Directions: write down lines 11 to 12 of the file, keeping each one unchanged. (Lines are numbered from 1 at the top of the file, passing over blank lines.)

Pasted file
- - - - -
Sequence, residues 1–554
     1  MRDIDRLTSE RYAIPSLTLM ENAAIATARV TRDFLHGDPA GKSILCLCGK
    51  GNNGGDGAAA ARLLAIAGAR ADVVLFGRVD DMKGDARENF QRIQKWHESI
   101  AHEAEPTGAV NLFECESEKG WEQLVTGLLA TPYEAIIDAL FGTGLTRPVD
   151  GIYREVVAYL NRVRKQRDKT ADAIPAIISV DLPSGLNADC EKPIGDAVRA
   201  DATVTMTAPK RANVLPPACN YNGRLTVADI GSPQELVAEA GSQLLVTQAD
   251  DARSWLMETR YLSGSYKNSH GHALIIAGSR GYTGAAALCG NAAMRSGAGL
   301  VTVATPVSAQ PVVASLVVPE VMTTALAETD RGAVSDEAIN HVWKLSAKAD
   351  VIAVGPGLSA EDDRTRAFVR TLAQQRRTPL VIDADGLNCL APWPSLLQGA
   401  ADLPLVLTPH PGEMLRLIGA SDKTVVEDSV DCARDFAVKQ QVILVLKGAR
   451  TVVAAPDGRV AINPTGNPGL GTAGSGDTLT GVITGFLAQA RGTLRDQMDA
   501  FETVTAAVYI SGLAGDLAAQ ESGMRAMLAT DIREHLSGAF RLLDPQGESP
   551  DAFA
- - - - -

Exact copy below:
   451  TVVAAPDGRV AINPTGNPGL GTAGSGDTLT GVITGFLAQA RGTLRDQMDA
   501  FETVTAAVYI SGLAGDLAAQ ESGMRAMLAT DIREHLSGAF RLLDPQGESP